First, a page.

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“Why does it matter what people believe? It doesn’t affect you; just let people believe what they want. It’s not like you are going to change anyone’s mind.”

This is a critique I hear, sometimes in response to one of my columns. While I fully support freedom of thought — and everyone should be free to believe what they like — I also thinks it’s best when our beliefs are based on reason and evidence. When sufficient evidence comes to light that contradicts our beliefs, we should be willing to discard the debunked notions.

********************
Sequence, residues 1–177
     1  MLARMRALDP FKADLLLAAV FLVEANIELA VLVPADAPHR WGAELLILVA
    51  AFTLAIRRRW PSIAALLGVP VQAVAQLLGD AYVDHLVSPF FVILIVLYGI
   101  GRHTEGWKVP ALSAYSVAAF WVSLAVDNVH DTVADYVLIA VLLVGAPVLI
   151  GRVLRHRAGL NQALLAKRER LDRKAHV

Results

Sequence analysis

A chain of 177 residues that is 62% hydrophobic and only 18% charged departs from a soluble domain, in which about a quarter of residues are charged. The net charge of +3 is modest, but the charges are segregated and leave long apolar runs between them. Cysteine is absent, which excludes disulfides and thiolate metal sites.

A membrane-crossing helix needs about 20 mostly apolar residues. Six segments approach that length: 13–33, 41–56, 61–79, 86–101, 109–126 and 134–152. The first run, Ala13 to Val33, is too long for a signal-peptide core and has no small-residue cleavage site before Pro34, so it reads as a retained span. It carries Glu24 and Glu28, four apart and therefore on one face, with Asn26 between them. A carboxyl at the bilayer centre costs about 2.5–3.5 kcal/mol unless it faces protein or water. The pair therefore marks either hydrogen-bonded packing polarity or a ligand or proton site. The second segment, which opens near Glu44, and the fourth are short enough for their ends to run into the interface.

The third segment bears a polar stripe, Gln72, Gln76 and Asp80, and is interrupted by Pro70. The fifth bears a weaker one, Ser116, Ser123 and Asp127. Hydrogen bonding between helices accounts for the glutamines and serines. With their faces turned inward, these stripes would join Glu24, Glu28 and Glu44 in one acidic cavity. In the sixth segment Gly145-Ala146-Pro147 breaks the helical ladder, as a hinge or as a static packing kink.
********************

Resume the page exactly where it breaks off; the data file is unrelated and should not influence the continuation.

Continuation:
One does not need to pay attention to national and international events very long to see the consequences that beliefs can have.

Seven children die in a New York City house fire when a hot plate is left on for 25 hours because their community’s interpretation of sacred scripture told them that a god would be displeased if they pressed a button on Saturday. This is the fourth deadly fire in this community in the past 15 years due to this belief.

In many parts of Africa, people with albinism are slaughtered and their body parts are sold off because of local beliefs that they are magical.

Scarcely a year goes by where a child is not injured or killed because the parents choose to forgo modern medicine, blood transfusions or immunizations in favor of ineffective pseudoscientific or prayer-based modalities. Further, children too are often victims of dangerous and sometimes deadly attempts to exorcise non-existent demons or devils.